When will life in Australia return to normal?
Australia has been widely commended for its response to the COVID-19 pandemic.
While the rate of cases and deaths in the United States and western Europe continue to rise dramatically, Australia recorded just four new cases yesterday.
But what happens next? What's our exit plan? At what point do we go back to work, and how do we get back to life as we knew it?
A new report published by the Actuaries Institute argues that governments should assume they will need to come out of lockdown well before a vaccine is available, in order to get their economies up and running again.
The report - put together by Michael Rice, Alun Stevens, and Michael Berg - argues that Australia has a geographical advantage that can help us keep our infection rate down and "get back to normal".
"Australia has an advantage being an island in that it can test anyone arriving into the country and keep out any future transmissions," the authors write. "We are in a position that the number of infected people is at a relatively low number. From this, we should be able to triage the population and get back to normal."
At the same time, one-dimensional strategies to eliminate the virus at all costs could increase poverty and mental health-related deaths than lives saved, the authors say.
With a vaccine unlikely to be freely available before late next year, here is a proposed series of measures they recommend rolling out.
HOW DO WE 'GET BACK TO NORMAL'?
In order to return to normal, we need to trust that healthy people who get the virus will make a full recovery without hospital treatment, the report says.
It's the most at-risk people - and those living with them - who we should try to isolate, while allowing low-risk people to get back to work.
The report proposes that we gradually phase out social restrictions - perhaps by geographical region - starting with schools.
The report recommends reopening schools first "due to the low levels of health risk to younger people and the double-whammy of disrupted education for children and disrupted work for parents if schools are closed or only notionally open".
At the same time, we need a plan to efficiently handle localised outbreaks before they can spread further - by identifying, quarantining and testing people who may have been exposed to infection.
We will also need a backup lockdown plan if the strategy does not work, while acknowledging some people won't follow the rules and that some cases may be asymptomatic or mild and lead to further breakouts.
During all this, it's recommended that we keep our borders closed for now, with possible travel between cleared countries - starting with New Zealand - in the future.
It also proposes limited travel between states until they are "all clear", or until reliable tests can be carried out before travel and at points of entry.
"The risk of going early is still large but it could be managed progressively - but the risk of staying out longer will be crippling for the economy. The further risk of staying out longer once community transmitted cases have reduced to very low levels is that the community will simply stop complying.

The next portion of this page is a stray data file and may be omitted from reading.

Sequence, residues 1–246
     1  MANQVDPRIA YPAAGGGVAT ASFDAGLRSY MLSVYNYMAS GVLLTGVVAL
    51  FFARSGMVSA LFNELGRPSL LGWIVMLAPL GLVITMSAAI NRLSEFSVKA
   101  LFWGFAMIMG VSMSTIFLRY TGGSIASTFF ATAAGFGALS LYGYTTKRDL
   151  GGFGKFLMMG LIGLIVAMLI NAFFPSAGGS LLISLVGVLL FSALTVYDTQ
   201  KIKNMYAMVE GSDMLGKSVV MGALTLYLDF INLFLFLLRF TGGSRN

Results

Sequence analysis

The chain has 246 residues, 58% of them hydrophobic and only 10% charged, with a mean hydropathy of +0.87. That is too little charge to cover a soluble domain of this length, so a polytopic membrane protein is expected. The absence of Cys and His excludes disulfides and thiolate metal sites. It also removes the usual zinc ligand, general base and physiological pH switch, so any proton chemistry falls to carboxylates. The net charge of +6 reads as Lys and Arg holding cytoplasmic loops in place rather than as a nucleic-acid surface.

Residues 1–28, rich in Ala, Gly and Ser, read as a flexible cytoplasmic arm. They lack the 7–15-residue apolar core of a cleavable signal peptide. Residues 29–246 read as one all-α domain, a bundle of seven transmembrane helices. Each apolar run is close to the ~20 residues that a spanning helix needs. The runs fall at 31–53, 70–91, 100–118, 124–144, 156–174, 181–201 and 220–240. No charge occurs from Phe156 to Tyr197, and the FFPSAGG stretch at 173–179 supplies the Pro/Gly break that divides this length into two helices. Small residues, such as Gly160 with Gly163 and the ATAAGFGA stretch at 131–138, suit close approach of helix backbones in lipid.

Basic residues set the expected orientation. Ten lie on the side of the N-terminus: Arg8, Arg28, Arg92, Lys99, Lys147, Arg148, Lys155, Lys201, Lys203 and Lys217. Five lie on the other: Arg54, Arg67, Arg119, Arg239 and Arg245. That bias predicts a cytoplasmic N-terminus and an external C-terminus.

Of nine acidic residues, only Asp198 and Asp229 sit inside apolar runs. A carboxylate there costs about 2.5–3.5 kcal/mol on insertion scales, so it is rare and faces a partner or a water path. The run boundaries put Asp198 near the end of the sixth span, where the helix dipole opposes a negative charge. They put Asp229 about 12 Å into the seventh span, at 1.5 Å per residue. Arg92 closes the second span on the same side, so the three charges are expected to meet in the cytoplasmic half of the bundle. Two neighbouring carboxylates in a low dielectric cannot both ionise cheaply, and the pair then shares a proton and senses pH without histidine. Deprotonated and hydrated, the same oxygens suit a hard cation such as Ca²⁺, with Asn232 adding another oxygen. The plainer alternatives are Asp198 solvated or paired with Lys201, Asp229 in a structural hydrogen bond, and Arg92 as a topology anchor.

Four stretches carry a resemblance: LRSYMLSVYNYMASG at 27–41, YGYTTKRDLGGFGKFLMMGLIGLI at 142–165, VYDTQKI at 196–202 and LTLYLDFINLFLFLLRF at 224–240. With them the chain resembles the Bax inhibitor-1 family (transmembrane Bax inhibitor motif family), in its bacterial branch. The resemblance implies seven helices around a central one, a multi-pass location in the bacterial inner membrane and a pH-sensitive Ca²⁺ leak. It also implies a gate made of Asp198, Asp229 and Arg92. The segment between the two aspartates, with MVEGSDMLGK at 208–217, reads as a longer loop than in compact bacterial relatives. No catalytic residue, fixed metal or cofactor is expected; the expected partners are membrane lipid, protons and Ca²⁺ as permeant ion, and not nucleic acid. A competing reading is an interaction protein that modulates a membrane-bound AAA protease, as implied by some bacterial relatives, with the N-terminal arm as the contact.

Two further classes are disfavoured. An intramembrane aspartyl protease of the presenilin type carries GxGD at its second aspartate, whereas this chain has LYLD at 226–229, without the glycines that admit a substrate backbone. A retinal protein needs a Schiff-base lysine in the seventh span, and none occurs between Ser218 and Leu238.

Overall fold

"We can expect a slow relaxation of restrictions and a slow restarting of the economy with an ultimate return to whatever the new normal is, once a vaccine is freely available - likely to be available sometime late in 2021, but possibly earlier given the resources working on it."
WHEN WILL RESTRICTIONS EASE UP?
The Federal Government is being extremely cautious about easing up restrictions.
At an earlier press conference, Prime Minister Scott Morrison said we will have to live with the current COVID-19 restrictions for at least another four weeks, while the Government begins to chart a way out.
He has repeatedly stressed there are three criteria that need to be met before restrictions will be lifted: increased testing, contact tracing and greater ability to respond to local outbreaks.
"If you're going to move to an environment where there are fewer restrictions, then you need these three things in place," he said.
"National Cabinet agreed today that we will use the next four weeks to ensure that we can get these in place."
He said we are still in the "suppression" phase and would remain in that phase for a while yet.
"We are not in an eradication mode nor are we in the other mode where we would just see some sort of herd immunity approach, these are not the approaches we are following in Australia," he said.
"We are not at the Sweden end, nor are we the New Zealand end when it comes to how we're approaching things."
The Prime Minister has also indicated that social distancing measures could be in place for more than six months.
"There's no quick fix to this," he told A Current Affair last night. He said he hoped that by September, Australia would be in a "different position" in terms of the virus, at which point measures may be able to ease.
Chief Medical Officer Brendan Murphy said our flattened case rate was proof social distancing measures were working, and should thus not be lifted.
He warned easing them prematurely could see us end up like the US or UK.
"If we relax the distancing measures that are stopping or reducing that community transmission, that will inevitably lead to some more outbreaks of community transmission," he said.
"Unless we are prepared as a nation to detect those outbreaks really early and get on top of them and control them and isolate the cases and quarantine the contacts, we could end up with large community outbreaks.
"That could lead to situations like we've all seen every night on the nightly news in high-income countries with good health systems like the USA and the UK."
Originally published as Australia's 'exit strategy' for virus